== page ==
In most people's minds, diamonds are thought to be colorless. In point of fact, however, the majority of diamonds have some degree of color. It is essential to give careful consideration to a diamond's color before making a purchase because the color of a diamond has a significant impact on both its value and its beauty.
This article will teach you everything you need to know about the various colors that can be found in diamonds, how they are graded, and which color grades are ideal for use in engagement rings and wedding bands.
The Color Scale: Determining the Varying Colors of Diamonds
The yellow color of newly formed diamonds is caused by the incorporation of minute amounts of nitrogen along with the carbon that is present during the process of diamond formation deep within the mantle of the earth.
Diamonds can be found in a variety of yellow hues, ranging from ones so faint that they are invisible to the naked eye to others that have a brownish yellow cast. The Gemological Institute of America, also known as GIA, is the organization that developed the standard color grading scale for diamonds.
The scale runs from the letter D to the letter Z, and it is divided into the five categories that are as follows:
- Colours – Diamonds that receive a grade of D, E, or F fall into this category. One needs an extremely powerful microscope in order to observe their color.
- Nearly Colourless – Diamonds that have been graded as G, H, I, or J are nearly colorless, and the slight hints of yellow that they do have are so subtle that they are almost never noticed by an untrained eye.
- Faint – K, L, and M are the letter grades assigned to diamonds that fall into this category. These diamonds have a distinct but muted yellow color.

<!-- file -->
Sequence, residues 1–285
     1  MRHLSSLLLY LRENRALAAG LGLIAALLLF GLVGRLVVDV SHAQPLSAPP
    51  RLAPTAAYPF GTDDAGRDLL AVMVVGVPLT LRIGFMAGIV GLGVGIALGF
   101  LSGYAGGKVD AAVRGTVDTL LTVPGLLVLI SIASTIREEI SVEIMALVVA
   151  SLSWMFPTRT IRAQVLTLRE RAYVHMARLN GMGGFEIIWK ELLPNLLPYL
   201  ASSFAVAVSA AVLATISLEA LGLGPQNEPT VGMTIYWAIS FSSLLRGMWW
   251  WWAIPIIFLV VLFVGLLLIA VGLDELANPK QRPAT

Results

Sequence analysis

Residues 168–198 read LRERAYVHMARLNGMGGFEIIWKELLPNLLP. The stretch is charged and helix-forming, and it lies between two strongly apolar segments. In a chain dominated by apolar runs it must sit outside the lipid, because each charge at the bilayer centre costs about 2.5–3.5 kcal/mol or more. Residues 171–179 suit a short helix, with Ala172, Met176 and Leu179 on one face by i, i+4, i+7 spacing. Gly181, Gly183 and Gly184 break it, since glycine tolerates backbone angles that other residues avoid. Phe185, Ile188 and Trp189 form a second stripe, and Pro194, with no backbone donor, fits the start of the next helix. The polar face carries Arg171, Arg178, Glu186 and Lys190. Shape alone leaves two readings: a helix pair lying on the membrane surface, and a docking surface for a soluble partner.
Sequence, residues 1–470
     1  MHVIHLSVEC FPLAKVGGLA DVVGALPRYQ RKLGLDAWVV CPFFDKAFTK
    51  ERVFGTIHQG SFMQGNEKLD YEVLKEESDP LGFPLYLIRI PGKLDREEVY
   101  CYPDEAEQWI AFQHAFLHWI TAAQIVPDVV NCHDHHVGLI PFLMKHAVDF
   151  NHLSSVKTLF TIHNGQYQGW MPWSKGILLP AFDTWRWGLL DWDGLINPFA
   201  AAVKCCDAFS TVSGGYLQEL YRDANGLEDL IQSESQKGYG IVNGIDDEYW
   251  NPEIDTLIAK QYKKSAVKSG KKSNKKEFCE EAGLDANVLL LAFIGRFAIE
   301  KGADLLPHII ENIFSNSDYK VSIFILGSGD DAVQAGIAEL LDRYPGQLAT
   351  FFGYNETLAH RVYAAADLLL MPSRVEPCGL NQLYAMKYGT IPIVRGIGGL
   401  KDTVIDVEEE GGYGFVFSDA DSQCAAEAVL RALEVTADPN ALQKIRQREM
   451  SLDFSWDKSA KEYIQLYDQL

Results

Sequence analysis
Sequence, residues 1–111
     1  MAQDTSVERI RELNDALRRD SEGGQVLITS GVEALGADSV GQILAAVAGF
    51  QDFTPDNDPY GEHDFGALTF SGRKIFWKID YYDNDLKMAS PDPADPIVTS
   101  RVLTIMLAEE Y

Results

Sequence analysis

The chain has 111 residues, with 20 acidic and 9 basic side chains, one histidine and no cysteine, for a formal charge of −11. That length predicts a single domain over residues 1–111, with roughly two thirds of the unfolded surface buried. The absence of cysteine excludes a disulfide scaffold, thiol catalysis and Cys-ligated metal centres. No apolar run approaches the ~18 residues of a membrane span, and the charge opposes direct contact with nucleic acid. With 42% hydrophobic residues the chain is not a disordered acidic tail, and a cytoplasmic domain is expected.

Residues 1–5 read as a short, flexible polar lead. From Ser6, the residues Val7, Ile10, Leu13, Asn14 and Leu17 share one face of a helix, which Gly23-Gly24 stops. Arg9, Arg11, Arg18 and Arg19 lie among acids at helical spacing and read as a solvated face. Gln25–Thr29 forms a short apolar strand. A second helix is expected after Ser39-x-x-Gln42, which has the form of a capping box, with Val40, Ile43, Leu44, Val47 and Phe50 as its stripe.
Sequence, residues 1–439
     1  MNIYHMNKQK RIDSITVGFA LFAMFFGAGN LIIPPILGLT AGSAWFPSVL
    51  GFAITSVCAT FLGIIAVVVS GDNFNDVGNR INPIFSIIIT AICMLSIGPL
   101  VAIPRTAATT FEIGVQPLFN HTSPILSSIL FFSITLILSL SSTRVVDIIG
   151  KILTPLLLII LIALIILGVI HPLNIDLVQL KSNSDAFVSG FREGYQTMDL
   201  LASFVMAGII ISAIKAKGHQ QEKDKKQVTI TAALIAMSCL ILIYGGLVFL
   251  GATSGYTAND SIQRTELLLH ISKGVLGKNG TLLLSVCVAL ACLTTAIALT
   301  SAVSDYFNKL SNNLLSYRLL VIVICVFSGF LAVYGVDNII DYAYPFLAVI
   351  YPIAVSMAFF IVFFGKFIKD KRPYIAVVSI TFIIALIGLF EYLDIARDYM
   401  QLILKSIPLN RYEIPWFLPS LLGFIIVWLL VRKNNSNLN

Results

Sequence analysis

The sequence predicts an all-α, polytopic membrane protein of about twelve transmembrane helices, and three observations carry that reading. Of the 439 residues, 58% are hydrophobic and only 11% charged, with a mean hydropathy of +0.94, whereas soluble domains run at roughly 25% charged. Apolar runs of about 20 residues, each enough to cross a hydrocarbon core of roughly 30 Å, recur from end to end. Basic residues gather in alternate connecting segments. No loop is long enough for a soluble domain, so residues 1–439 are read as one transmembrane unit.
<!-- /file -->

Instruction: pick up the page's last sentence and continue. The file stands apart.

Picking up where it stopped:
- Very Light – Very light diamonds are graded from N to R, and their yellow hues are even more pronounced than those of faint diamonds.
- Light – The lightest diamonds are the ones with the yellowest hue, and they can be graded anywhere from S to Z.
Why Does the Color Scale Begin with D Rather Than A?
In the past, the color grading systems that were used for diamonds were notorious for being unreliable and frequently inaccurate. When classifying their diamonds according to color, some jewelers and gem traders used the letters A, B, and C. In this grading system, a diamond could receive two or three As if it was rated higher than the valuable A category. This helped to distinguish it from the other diamonds. Some jewelers graded the color of their diamonds using Arabic numbers or Roman numerals, while others used descriptive words.
When the GIA decided to standardize the diamond color scale, they started the scale with the letter D to make it clear that it was completely new and was not associated with any of the earlier grading systems. This was done to make it clear that it was completely new and was not associated with any of the earlier grading systems.
Which Color Grades Produce the Most Beautiful Results for Wedding and Engagement Rings?
Although the answer to this question is different for every jeweler, we typically recommend that our customers select diamonds with grades ranging from D to I. Because of our many years of experience, we have found that diamonds that are colorless or nearly colorless are the most beautiful and work well with any precious metal, including platinum and white gold. These diamonds are also the most rare.
One Last Thing: Don't Get Mixed Up With All the Different Colors
These are your run-of-the-mill white diamonds, which we have been referring to throughout this piece. The majority of them have a color that is similar to light yellow due to nitrogen, and the GIA's Color Scale is used to grade them. There is a very small chance that some of the white diamonds you purchase could be tainted with other trace elements besides nitrogen. When combined with nitrogen, these other elements produce a spectrum of new colors, including red, blue, pink, and green. Fancy color diamonds are diamonds that contain any of the aforementioned colors. They are not ranked on any particular scale of color, but rather their value is determined by the intensity and consistency of the color they possess.
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